A Life Dedicated to Making a Difference
PROVO, Utah – Apr 19, 2019 – Five-year-old Kena Mathews was taking a walk with her mother when she noticed for the first time a homeless person. For someone to not have a home was hard for Mathews to comprehend. In that moment, as a young girl, she knew her life’s mission was to help and serve those less fortunate.
“I have always been drawn to people in need,” says Mathews, a 2004 EMPA graduate from the BYU Marriott School of Business. “I feel a real kinship with people in need. It’s just in me to want to make a difference and do good in the world.”
Mathews feels she has been given many blessings, including, good parents, a good education, and good friends. “A lot of people don’t have these opportunities, so if I can make the lives of people who are less fortunate even just a little bit better, that makes me happy,” Mathews says.
As Mathews was deciding on a career path, she kept in mind her passion to help the less fortunate around her. After graduating from the University of Utah in political science in 1995, Mathews found herself working for different nonprofits around Utah. After overhearing BYU employees talk about the EMPA program at BYU Marriott, Mathews found herself extremely intrigued. In 2002, she decided to continue her education and apply to the EMPA program at BYU Marriott.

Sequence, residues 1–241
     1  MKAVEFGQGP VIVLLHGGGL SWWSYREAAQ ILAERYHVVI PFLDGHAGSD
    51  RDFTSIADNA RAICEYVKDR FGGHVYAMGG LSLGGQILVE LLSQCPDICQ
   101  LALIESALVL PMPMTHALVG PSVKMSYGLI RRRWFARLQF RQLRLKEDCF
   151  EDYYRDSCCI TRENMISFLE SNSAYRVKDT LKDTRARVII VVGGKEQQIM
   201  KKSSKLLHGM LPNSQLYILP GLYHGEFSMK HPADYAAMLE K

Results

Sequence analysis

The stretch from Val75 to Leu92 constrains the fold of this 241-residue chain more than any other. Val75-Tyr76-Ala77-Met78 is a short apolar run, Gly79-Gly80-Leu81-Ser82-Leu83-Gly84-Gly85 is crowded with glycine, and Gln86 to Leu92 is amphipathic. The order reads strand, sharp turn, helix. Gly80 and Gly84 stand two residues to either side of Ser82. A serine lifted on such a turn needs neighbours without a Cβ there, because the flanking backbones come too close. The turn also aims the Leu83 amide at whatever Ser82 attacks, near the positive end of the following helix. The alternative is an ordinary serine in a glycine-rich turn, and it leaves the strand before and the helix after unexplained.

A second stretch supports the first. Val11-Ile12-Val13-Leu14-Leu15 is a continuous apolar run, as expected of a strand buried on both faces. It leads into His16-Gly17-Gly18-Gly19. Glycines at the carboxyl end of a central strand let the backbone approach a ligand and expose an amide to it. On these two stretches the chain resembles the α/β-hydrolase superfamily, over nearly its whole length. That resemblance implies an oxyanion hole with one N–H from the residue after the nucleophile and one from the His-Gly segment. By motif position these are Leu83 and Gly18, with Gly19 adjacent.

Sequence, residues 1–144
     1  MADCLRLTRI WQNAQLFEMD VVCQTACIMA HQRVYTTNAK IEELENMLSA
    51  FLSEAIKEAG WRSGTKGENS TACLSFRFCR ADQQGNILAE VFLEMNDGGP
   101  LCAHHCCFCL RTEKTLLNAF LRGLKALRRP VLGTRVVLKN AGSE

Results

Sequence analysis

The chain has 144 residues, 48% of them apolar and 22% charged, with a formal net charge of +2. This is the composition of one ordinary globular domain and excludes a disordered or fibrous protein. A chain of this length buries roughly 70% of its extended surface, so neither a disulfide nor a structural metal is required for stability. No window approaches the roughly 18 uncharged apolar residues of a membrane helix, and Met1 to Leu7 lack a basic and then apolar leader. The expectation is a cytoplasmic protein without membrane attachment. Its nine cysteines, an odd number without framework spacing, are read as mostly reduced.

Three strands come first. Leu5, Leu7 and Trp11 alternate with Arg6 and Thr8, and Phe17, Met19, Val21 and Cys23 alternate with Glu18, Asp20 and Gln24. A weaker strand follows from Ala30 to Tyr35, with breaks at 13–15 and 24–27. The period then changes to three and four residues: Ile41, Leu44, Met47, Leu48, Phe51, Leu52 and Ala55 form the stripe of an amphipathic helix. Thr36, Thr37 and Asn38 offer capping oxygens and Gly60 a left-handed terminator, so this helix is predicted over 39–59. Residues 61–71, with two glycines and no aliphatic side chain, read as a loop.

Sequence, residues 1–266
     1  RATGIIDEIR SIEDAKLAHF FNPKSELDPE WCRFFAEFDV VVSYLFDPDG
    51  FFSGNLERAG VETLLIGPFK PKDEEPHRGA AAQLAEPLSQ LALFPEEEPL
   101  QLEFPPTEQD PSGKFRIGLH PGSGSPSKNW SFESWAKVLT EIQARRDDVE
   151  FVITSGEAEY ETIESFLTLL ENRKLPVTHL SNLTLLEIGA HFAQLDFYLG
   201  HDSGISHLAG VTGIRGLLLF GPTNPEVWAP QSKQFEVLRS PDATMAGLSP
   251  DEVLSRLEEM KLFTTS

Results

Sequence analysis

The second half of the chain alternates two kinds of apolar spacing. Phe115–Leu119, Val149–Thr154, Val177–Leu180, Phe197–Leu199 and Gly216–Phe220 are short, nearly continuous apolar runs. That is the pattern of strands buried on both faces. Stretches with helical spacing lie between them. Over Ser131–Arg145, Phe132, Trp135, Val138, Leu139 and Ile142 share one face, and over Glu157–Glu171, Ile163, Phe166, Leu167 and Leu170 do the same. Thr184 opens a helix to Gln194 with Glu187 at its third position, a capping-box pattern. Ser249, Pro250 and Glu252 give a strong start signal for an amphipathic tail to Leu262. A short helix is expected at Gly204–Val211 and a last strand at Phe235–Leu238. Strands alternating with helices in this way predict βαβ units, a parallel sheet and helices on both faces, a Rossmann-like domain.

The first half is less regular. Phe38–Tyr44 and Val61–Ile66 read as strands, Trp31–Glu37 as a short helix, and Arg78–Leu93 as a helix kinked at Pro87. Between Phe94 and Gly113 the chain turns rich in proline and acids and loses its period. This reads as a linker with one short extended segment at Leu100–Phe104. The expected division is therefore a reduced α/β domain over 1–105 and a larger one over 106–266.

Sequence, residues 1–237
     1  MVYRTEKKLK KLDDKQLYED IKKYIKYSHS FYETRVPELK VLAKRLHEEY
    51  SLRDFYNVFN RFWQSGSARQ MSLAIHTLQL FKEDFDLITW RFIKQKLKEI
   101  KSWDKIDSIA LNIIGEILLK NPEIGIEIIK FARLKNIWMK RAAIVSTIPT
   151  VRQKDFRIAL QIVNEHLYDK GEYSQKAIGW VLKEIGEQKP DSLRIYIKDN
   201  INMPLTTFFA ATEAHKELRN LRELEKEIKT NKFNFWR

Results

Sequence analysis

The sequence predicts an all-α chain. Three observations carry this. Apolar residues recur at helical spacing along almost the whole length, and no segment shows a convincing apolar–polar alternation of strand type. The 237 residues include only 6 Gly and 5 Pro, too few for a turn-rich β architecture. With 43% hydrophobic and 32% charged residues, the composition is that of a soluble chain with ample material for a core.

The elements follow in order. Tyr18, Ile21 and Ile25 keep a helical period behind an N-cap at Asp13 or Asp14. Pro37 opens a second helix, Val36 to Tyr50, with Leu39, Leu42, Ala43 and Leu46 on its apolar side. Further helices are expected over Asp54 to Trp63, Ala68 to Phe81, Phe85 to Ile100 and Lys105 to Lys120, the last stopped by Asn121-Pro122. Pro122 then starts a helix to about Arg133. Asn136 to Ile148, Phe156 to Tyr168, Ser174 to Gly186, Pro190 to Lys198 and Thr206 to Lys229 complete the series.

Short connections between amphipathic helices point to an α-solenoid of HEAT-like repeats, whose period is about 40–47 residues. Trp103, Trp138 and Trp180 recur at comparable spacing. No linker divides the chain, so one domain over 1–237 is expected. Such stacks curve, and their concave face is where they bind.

“I love to learn and always wanted to get more education,” Mathews says. “I didn’t have a specific career goal in mind going into the EMPA program, I just wanted to learn how to be a better leader.”
While in the program, Mathews worked at two different nonprofits in Provo—Neighborhood Housing Services of Provo and the Food and Care Coalition of Utah Valley. Shortly after graduating from BYU Marriott, Mathews became the director for the nonprofit Habitat for Humanity of Utah County and worked there for nearly fourteen years.
“One of the best things about the EMPA program is that it helped me learn business skill sets such as budgeting,” Mathews says. ”But the most important thing was it taught me to communicate at a higher level.”
In August 2018, Mathews accepted a job with the City of Orem as the community services manager. In her new position, she runs multiple community programs. For example, she runs a program to help find funding for nonprofits in the community, as well as a program that works in the low-income neighborhoods of the city to provide activities that help improve different parts of the neighborhood.
“The transition has been good for me,” says Mathews, who lives in Orem. “I have been able to bring all my skills and interests together in my new job. People may think I am boring, but I love to work and feel it is important to do all I can within my job and for those in my community.”
Not many people stick to the dreams they had when they were five. As a community services manager, Mathews has the opportunity on a daily basis to see her childhood calling to make a difference in the world become reality.
Media Contact: Chad Little (801) 422-1512
Writer: Caitlyn Alldredge